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Friday
Jul052013

« In Which They Began Spawning In Their Teens »

Bluest Velvet

by SHELBY SHAW

The White Queen 
series writer Emma Frost

With a startlingly-familiar Lifetime soundtrack and overall contemporary feel to the characters’ airs, Lady Elizabeth Woodville Grey (Rebecca Ferguson) is a more realistic Kate Moss. Lady Elizabeth rolls her eyes, walks briskly in what looks like a white California beach cover-up, and lodges with a woman I first assumed is an older sister or cousin; it's her mother (Janet McTeer). Remember women began spawning in their teens in 1464 Northamptonshire, England.

When Mom takes her two young sons to greet Edward (Max Irons) the new king who has slain her husband, she seems eager and flirts openly. He looks like a college football player while Lord Warwick (James Frain) sounds American. Mother reminds Elizabeth of their magical bloodline and they consummate various forbidden witchcraft to predict the future. The White Queen is both drama and historical fiction.

Edward wins Elizabeth over by playing the whole I’m-going-to-battle-and-this-could-be-my-last-request card that must have been such a successful line in the day. Within 48 hours they make it seem like they’re lost childhood lovers. Her brothers disapprove of this puppy love, as Edward has already bed all the wives in England, they sneer. It was when I noticed Elizabeth wearing the same dress/hairstyle every day that I realized I can relate to her.

Because she meets up with King Edward, he assumes she wants sex and attempts to rape her, but not before she pulls out his dagger and begins to cut her own throat in warning not to come near. He makes a lot of I’m-King and you-wanted-it excuses before promising never to return. She’s clearly smarter and more mature than she comes off, causing me to wonder what her ultimate plan truly is (maybe magic). But in the next scene, no sign of the cut of her neck, she admits to Mother that if Edward dies in the coming battle, she’ll regret not letting him have her, she already regrets it. Because she loves him, or because he’s a celebrity?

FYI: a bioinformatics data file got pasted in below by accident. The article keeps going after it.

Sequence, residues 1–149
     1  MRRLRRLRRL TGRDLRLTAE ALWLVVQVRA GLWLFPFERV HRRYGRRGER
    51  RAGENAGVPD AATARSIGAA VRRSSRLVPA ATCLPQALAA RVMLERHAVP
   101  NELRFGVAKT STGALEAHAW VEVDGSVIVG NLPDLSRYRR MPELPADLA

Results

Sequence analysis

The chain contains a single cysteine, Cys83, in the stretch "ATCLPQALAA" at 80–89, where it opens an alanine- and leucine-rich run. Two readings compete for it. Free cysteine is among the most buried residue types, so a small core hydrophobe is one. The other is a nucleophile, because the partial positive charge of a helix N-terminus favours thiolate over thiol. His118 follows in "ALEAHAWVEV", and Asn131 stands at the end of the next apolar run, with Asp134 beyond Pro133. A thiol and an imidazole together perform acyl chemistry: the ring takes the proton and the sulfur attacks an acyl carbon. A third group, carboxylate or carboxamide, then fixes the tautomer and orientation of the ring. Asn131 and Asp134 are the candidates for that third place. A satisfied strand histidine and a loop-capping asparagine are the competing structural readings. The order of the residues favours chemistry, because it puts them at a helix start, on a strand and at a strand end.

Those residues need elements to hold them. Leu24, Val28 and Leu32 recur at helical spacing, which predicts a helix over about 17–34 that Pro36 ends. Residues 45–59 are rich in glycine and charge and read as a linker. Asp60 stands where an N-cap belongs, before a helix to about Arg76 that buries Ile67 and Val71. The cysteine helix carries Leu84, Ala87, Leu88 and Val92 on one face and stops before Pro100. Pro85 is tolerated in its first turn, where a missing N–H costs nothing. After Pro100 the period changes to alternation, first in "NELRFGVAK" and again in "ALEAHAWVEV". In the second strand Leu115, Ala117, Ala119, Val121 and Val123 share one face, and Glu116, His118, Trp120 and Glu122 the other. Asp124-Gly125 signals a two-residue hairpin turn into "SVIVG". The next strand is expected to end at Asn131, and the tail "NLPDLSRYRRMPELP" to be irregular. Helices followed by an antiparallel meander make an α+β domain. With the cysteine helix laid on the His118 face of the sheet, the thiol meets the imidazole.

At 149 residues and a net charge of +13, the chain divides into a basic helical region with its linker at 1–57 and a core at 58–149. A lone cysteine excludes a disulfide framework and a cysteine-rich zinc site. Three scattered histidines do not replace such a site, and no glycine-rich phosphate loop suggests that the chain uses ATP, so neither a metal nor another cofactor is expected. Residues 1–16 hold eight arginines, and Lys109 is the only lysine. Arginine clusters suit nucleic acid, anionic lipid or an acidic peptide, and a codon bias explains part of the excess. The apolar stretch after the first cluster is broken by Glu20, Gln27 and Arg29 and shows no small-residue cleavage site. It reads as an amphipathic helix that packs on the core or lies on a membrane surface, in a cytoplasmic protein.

While the men are the fighters, ultimate decision-makers, and heads-of-house, the women of The White Queen, based on the books of Philippa Gregory, are clearly represented as strongholds. Mother not only “scares” Elizabeth’s father (Robert Pugh), as he admits, but Elizabeth’s own magic begets her a simple sign: a crown ring. When she sees off Edward to battle, they coyly admit to being in love now because they’re insomniacs with no appetite. If she won’t be his mistress then will she marry him? She accepts happily and he says they’ll keep it a secret for awhile. This is a short jump into a very serious relationship.

Elizabeth marries in blue velvet (seems obviously witchy, could just be New Age materialism) but Edward forgets the rings and asks Mother if he can “borrow” one. Elizabeth produces (from matching blue velvet purse) her magic crown ring. He asks his new mother-in-law where to take Elizabeth and she gives him a key to a lakeside lodge prepped for consummation, like a parent handing over the keys to their Jersey Shore house for unmentionable pleasures.